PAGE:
Questions Designers Ask

design, design research, design thinking, HCI/d, interaction design, Interaction Design, knowledge tools, research, writing

We can probably all agree that questions matter in designing.

I’m a firm believer (along with many others) that ambiguity is a key characteristic of design problems, which means that posing good questions to clients isn’t just important. It’s essential. It’s these good questions that will bring clarity to the problem and help designers make judgments about how to frame/direct their subsequent design activities.

Good questions are a compass.

And yet, as important as good questions are in the early stages of designing, I haven’t had any luck finding good literature either (1) reporting studies that specifically examine question-asking during the design process or (2) exploring the issue of “designerly questions” in a more abstract way.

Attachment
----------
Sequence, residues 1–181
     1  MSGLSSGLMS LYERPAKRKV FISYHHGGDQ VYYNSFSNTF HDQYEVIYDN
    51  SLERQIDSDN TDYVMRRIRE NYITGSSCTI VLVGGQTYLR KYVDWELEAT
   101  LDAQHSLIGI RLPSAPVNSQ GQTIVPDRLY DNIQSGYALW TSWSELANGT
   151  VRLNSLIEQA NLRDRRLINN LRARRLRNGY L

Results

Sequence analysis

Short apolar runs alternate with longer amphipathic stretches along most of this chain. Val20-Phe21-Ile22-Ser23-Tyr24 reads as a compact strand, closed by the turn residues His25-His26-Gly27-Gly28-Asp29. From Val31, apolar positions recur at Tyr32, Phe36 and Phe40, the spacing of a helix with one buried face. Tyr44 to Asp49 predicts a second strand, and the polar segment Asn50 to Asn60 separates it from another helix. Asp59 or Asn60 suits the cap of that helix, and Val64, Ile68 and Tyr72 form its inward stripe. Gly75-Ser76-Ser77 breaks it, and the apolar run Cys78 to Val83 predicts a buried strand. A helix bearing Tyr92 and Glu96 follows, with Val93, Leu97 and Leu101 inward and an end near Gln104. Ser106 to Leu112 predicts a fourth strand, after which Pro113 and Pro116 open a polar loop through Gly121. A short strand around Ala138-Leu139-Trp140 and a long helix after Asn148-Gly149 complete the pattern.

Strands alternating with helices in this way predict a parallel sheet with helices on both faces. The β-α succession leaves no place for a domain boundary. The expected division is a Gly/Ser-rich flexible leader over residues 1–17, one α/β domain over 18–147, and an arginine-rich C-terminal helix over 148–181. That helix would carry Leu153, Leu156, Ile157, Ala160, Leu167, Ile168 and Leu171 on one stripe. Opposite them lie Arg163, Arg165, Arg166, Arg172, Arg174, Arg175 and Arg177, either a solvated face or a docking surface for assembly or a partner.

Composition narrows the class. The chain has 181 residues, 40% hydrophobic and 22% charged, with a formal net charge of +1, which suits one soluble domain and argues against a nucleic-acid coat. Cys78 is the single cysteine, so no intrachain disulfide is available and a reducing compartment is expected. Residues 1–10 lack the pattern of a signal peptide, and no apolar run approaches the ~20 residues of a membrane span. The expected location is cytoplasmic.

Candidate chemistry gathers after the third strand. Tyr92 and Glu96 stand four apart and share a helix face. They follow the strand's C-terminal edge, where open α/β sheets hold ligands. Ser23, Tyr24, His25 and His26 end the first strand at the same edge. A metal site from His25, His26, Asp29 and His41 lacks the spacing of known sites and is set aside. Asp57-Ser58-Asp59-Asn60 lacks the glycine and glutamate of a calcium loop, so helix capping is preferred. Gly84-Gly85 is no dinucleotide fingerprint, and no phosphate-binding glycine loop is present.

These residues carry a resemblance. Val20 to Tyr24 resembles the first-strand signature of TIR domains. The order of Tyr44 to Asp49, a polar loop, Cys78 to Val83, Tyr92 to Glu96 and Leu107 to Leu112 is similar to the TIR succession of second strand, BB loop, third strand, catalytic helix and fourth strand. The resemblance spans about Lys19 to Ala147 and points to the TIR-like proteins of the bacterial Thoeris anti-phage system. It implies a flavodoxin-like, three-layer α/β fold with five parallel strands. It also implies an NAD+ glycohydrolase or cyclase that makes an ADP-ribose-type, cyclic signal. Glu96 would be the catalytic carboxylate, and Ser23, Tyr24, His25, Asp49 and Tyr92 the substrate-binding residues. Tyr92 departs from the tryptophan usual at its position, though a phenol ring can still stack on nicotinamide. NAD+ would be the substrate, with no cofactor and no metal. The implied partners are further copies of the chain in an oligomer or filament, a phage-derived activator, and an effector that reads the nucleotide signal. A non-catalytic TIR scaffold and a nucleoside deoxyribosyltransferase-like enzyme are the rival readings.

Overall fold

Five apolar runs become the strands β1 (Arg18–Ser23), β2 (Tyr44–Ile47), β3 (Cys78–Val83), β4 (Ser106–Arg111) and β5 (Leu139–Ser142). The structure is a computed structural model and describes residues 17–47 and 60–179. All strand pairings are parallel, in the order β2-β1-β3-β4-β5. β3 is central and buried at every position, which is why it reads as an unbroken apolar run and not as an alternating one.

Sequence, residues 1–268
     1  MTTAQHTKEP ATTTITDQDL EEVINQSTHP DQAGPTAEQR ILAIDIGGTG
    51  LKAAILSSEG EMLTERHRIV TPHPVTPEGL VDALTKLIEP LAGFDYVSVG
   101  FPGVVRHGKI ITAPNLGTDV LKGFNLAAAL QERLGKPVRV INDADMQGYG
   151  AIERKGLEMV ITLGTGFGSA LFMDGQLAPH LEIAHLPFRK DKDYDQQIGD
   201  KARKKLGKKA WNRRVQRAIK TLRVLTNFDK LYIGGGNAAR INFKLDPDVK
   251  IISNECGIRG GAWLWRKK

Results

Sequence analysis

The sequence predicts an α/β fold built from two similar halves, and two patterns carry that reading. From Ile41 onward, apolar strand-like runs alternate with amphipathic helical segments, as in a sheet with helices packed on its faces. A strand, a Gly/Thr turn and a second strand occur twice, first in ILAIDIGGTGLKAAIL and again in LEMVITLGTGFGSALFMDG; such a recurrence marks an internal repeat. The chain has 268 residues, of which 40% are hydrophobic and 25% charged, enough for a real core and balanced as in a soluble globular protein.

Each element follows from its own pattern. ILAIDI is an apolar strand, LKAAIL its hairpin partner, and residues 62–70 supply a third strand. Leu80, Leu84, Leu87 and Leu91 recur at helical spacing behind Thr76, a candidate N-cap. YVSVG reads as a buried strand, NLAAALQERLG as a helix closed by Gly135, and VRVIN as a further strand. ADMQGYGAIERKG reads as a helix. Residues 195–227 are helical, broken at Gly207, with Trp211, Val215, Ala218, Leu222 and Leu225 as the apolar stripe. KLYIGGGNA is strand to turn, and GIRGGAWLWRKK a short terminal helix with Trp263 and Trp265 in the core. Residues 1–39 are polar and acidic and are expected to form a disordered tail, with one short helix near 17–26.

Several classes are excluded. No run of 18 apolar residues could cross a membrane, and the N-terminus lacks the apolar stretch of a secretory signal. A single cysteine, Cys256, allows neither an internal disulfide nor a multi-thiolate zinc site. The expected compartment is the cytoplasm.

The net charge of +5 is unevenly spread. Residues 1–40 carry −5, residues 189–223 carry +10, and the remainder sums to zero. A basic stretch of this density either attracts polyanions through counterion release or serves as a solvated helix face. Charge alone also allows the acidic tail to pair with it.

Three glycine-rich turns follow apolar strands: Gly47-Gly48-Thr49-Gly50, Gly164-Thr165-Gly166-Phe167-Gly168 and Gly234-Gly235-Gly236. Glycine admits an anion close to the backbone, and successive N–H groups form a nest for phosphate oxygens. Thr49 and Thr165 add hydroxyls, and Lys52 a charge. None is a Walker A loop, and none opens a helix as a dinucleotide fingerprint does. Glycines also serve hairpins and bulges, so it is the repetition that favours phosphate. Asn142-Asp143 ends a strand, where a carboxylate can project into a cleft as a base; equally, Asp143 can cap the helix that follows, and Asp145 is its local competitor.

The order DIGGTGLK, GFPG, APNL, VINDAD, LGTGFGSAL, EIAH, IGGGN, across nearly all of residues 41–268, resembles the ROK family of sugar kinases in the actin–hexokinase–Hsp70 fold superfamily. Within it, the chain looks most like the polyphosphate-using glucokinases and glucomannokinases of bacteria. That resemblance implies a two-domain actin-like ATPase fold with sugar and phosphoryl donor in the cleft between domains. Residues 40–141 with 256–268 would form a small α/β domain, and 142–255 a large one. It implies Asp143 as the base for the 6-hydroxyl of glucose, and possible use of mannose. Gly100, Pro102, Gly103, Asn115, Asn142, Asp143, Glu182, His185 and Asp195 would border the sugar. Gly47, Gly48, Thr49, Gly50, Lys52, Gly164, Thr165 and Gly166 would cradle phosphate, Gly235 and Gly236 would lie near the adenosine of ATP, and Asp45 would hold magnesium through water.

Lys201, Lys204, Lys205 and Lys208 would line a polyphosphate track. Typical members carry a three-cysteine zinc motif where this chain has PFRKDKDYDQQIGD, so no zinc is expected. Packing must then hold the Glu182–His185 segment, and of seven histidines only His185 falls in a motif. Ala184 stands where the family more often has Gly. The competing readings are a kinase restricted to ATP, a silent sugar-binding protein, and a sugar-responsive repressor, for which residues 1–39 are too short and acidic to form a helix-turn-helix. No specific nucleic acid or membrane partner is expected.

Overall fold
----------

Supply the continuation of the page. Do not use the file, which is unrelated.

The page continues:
I’m not saying that there is a complete gap in the literature. I just need to spend some more time looking. But there does not seem to be as much as I expected there would be when I got interested in this topic.

UPDATE: I found an interesting article whose name I swear I did not rip off when I titled this blog entry. I didn’t even know it existed. Questions Architects Ask by Robert Gutman

 

Designerly Ways of Listening

design, design research, design theory, HCI/d, interaction design, learning, Uncategorized

I’ve been thinking for the last few months about listening. How can I be a better listener? What does it mean to be a good listener? How would I describe the feeling of being listened to? These are questions whose answers are important for the sake of personal improvement. If I believe that being a better listener will improve my overall quality of life then it behooves me to spend a bit of time thinking about such things and formulating answers.